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Discussion Starter #24
A Vstrom engine will last 150,000 miles if you change the filter at every oil change. The engine will run 149,999 miles if you change the filter every other oil change.
I got a good laugh at this one. I think I'm going to skip the filler this time, like the manual suggests, then use it next time. Thanks for all the great feedback all.
 

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Yeah reckon I'm a cheapskate, I swap the oil filter every other change and NEVER replace the oil pan drain screw crush washer......never so much as a drip on any bike I've owned, imagine that.

Not sure where I read about not changing the filter with every oil change (maybe somewhere on the Bobistheoilguy forums) anyway the consensus was that the filter actually works better during the 2nd round of oil.

Something about the way particles are trapped reducing the fines that are allowed through. Plenty of analysis info on the Motorcycle/Powersports section. Pretty enlightening seeing actual used oil analysis info, most of us could go a lot longer between changes!
 

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Discussion Starter #26
Not sure where I read about not changing the filter with every oil change (maybe somewhere on the Bobistheoilguy forums) anyway the consensus was that the filter actually works better during the 2nd round of oil.

Something about the way particles are trapped reducing the fines that are allowed through. Plenty of analysis info on the Motorcycle/Powersports section. Pretty enlightening seeing actual used oil analysis info, most of us could go a lot longer between changes!
Agreed, as a noob, I know nothing better than what I read. I want to say it was on Strom Trooper that I read the owners manual actually suggests skipping and replacing every 2-3 oil changes (could be wrong, as I don't have the owners manual with my used bike).
 

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The service schedule for the Wee up to 2011 certainly does say that. It only specifies the filter to be changed every third oil change BUT I'm pretty sure it also specifies it be changed at the 600km initial service. The filter is the same one fitted to several much larger bikes, so there's no lack of capacity, only the concern about the old oil left in the filter contaminating the new oil.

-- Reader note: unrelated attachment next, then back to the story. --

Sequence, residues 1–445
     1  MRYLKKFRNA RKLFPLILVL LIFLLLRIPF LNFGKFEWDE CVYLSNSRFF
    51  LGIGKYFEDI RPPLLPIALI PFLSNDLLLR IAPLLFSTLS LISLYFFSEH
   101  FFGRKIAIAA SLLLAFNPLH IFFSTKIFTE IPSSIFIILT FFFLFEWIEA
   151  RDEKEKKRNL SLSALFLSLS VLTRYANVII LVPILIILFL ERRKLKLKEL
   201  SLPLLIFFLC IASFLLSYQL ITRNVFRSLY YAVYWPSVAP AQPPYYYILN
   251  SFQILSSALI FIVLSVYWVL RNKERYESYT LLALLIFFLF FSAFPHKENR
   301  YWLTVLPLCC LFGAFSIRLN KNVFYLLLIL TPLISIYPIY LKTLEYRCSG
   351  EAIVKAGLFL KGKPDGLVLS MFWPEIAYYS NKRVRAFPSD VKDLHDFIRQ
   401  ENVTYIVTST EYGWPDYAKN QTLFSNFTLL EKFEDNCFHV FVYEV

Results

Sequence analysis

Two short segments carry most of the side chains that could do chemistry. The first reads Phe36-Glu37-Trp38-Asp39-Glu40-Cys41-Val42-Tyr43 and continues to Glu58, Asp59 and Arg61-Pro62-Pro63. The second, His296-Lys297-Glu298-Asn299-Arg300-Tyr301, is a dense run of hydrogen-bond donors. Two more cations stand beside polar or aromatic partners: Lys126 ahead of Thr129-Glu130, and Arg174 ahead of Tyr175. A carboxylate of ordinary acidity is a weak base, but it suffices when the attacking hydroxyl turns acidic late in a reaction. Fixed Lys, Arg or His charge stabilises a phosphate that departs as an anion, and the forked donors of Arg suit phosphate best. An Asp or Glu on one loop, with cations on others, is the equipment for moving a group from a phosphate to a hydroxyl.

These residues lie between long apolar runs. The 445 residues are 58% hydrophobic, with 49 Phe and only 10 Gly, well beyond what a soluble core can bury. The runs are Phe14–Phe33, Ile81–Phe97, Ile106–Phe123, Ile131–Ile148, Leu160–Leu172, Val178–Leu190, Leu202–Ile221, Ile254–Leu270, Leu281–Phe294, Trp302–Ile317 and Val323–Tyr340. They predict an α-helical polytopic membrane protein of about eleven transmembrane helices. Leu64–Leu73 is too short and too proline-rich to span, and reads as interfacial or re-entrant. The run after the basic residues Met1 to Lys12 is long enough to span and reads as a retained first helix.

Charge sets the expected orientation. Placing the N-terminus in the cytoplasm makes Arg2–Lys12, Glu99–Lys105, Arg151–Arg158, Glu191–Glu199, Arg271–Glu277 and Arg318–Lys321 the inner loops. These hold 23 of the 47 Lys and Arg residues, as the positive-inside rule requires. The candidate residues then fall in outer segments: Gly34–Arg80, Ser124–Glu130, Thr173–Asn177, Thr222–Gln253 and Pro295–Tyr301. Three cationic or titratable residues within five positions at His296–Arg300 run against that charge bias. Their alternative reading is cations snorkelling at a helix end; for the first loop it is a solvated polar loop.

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Discussion Starter #28
Ended up doing this change without the filler. That was my first, and likely easiest oil change I'll ever do.
 

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Be very careful when 'cleaning' the chain. Many solvents can penetrate behind the 'O' rings and remove the all important chain lube. When that lube is removed, THE CHAIN WILL FAIL!!!
274059

The ONLY 'chain cleaning' on my bikes happen when I apply chain lube to a shop towel and wipe the lube onto the chain. Clean and lube at the same time. The chain on my Kawasaki ZRX that I sold last year had 35,000 on it with no sign of kinks or failure!!! :cool:
 
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I wonder what affect the Kerosene will have on the o ring chain. Will it make them hard and brittle now?
The tightest the chain will be is when the sprockets and swing arm pivot is in a straight line.
With the first oil change I guess it would give you an idea if you have any issues with the motor or not.
 

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Kerosene is the recommended cleaner for most chains according to the manufacturers. Workshop degreaser on the other hand is a definite no-no.
The additional consideration for chain tightness is that the neither the chain nor sprockets wear perfectly evenly. The result is that even with the swingarm in the position where the chain would in theory be at it's tightest, there is sometimes considerable variation in chain tension as you rotate the rear wheel. The amount of play has to be adjusted when the swingarm is in the correct position AND at the tightest point of rotation.